If we do that, these boys and girls of ours who are reaching maturity are going to be very happy that the old people were able to look far enough ahead to make sure that our American system will last for hundreds and hundreds of years.

I am glad to have been here. I wish I could come back here, and yet it probably would not be a good thing, because if I came back here—I have that rather disagreeable mentality—if I came back here got away from Washington, I would probably start in to try to reform Dutchess County. I don't think that the county does need reforming, or the Town of Hyde Park, but I probably would try to do it, nevertheless.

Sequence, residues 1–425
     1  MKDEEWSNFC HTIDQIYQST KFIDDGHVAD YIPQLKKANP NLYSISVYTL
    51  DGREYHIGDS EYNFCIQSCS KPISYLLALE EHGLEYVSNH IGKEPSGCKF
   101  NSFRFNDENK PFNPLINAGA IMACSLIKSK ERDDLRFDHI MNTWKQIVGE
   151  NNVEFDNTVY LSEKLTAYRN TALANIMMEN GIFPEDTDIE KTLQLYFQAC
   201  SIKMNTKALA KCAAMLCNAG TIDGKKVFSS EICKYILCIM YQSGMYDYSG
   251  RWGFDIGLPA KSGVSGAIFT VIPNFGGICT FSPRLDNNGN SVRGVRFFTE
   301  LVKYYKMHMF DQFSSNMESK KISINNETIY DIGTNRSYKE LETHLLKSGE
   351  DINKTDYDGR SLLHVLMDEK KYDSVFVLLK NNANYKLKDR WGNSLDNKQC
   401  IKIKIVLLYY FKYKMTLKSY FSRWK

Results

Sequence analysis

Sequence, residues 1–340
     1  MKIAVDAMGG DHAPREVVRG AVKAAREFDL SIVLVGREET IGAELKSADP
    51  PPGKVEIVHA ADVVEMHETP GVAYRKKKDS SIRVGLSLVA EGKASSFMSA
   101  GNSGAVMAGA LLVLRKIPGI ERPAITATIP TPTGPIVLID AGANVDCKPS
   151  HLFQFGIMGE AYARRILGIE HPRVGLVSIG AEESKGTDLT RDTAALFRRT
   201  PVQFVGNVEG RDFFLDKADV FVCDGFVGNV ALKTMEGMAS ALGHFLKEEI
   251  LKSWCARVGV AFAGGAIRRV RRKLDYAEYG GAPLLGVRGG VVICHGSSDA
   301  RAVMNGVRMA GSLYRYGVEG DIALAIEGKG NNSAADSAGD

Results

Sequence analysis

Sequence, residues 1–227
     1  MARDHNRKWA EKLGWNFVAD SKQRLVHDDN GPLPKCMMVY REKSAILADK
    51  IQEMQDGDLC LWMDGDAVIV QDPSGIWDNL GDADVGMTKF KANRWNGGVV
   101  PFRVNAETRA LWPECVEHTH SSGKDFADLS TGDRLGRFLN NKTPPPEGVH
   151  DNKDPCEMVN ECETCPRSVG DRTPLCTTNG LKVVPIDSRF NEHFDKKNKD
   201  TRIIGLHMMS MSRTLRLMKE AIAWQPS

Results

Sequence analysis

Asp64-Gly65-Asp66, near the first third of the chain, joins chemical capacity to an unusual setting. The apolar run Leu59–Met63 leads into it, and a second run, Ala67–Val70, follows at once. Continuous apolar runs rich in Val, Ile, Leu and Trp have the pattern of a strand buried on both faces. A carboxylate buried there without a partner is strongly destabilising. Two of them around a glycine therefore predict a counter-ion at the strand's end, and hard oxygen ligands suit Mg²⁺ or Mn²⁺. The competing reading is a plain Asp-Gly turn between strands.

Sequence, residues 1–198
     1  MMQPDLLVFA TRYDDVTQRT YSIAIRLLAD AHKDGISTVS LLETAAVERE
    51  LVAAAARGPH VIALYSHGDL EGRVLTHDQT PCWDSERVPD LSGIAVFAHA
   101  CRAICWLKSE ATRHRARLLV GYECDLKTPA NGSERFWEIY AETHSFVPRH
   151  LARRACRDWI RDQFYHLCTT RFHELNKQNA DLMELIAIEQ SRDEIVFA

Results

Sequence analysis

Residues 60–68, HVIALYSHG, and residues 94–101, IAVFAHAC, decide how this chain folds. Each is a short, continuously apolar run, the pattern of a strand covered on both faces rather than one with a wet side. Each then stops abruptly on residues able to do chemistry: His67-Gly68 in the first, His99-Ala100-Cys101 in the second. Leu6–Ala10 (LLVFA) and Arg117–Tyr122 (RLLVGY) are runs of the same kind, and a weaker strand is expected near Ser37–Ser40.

So I hope you will bear with me in these days when I really do come back here—very soon—to live, if I continue at least to take a real interest. If I still try to get people to do things too fast, or do them my way, and not theirs, I hope that you people will be the first to tell me to "go way back and sit down."

Franklin D. Roosevelt, Remarks to a Conference of Dutchess County School Teachers, Hyde Park, New York. Online by Gerhard Peters and John T. Woolley, The American Presidency Project